Like the teenage boy in “About As Fast As This Car Will Go,” Vestal’s own father was jailed when Vestal was a child. His father was a businessman and leader in the community, who turned to crime when he hit financial difficulty. But in an interview with Jess Walter, Vestal says that the events of his own life have not made it into this, or other stories: “My father committed different crimes, and my family situation is much, much different, and I – crucially, I’d like to think – did not follow him into a life of crime. So far.”  Vestal goes on to say:

“I think I am probably drawn to [these characters] because they are versions of myself, or exaggerations of my worst tendencies – hyperbolized expressions of my own limited perch on life. Regretful and confused – that seems to me like the basic condition.”

While the honesty of Vestal’s characterization is a vital element of his writing, his nuanced exploration of the impacts of faith is what gives his fiction its niche. The ultimate question the collection left me with was this: what does it mean for fiction to make real life seem subsidiary, less permanent, than the spiritual afterlife? This is a notion familiar to all Christians. In Vestal’s work there isn’t a reward, some ecstatic glory of closeness to God.  There is, though, a foreverness, and the life on earth is shown to be the temporary one. Perhaps in response to this there is a time-honored focus on the power of the everyday, in Vestal’s fiction – on not turning away from the mundane, or losing sight of its pleasures in the pursuit of greater glory. Vestal ends the collection with the lines, “And yet I am happy to be here, somewhat. I had rather be near her than not.” There’s still a qualifier – “somewhat” – that brings the optimism down a notch, but ultimately this rejection of any promise of better things beyond this life is a tentative resolution to live fully on earth.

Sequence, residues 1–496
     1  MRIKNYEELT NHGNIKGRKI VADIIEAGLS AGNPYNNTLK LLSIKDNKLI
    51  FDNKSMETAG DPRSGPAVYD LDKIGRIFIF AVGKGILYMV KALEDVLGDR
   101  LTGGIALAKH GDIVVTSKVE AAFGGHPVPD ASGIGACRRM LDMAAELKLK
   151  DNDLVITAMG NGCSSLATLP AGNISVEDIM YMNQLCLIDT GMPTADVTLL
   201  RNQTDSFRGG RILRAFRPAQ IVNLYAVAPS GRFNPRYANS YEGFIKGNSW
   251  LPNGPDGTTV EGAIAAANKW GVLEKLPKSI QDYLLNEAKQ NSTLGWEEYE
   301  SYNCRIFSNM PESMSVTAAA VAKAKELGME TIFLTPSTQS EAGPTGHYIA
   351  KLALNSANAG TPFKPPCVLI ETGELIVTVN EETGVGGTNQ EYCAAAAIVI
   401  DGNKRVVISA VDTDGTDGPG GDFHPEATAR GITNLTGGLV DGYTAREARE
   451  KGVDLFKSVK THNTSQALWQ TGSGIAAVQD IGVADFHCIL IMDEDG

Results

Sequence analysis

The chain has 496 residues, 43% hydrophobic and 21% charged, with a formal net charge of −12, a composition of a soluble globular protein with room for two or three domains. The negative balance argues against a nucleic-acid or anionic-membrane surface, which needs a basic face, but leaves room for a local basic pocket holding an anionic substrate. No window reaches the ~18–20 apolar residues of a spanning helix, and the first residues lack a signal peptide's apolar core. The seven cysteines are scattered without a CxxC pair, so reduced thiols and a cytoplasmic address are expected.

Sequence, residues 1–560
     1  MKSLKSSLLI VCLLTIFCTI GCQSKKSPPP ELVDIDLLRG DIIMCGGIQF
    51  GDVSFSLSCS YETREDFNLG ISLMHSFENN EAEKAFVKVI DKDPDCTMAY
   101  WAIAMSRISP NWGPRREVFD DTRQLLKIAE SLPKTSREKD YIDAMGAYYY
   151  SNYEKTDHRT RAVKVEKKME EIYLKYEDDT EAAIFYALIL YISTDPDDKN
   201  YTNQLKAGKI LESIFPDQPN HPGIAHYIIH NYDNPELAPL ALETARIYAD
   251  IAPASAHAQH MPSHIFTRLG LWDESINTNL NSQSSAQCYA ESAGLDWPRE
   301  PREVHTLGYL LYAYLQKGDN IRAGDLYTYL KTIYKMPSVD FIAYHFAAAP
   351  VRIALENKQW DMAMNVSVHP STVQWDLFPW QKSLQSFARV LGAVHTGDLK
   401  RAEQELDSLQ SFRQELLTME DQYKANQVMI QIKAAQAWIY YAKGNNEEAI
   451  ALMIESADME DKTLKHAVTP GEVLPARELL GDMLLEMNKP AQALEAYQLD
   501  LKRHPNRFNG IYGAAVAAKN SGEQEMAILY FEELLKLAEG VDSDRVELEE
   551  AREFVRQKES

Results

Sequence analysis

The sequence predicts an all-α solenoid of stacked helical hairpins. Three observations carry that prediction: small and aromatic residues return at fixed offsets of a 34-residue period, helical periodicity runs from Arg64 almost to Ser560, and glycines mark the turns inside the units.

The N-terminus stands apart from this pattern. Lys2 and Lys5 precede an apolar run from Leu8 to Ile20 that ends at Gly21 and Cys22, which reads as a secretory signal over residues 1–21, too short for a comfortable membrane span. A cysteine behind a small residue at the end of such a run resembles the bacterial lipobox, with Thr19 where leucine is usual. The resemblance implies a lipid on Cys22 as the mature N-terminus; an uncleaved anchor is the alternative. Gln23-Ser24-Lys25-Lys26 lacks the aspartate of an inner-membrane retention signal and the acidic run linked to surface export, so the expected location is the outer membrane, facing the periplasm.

It’s an understatement to say the central theme and place of Shawn Vestal’s new collection lies outside my range of natural interest, but I didn’t understand why until I hunkered down with its pages. As an unknown world was laid bare, I realized I’d grown up with a perception that Mormons, those “other” Christians, are somehow off-track, that their pointy steeples and large families belie a strangeness that isn’t safe. I had dismissed Mormonism as a peculiarity that had little to offer an agnostic liberal like myself who didn’t want children, and disliked long skirts. Yet the way Vestal embraces so fully as subject matter the faith he was raised in – and, in deconstructing it, does not shy away from the richness of its effects on the psyche – transforms questions of religion into genuinely interesting fiction. His short stories showcase an inventive investigation into the inescapable human drive for signposts and meaning.

Bloom Post End

Melody Nixon is New Zealand-born writer living in New York City. She is the Interviews Editor for The Common, and the Founding Editor of Apogee, a literary journal dedicated to work by writers of color and work that explores issues of identity, race and writing from the margins.

Photo credits: D. Garding

2 thoughts on “Shawn Vestal’s God-Filled Idaho

  1. Pingback: Pieces of 2013 | pieces to stay

  2. Pingback: Shawn Vestal’s Memory Castles Made of Lego | The Common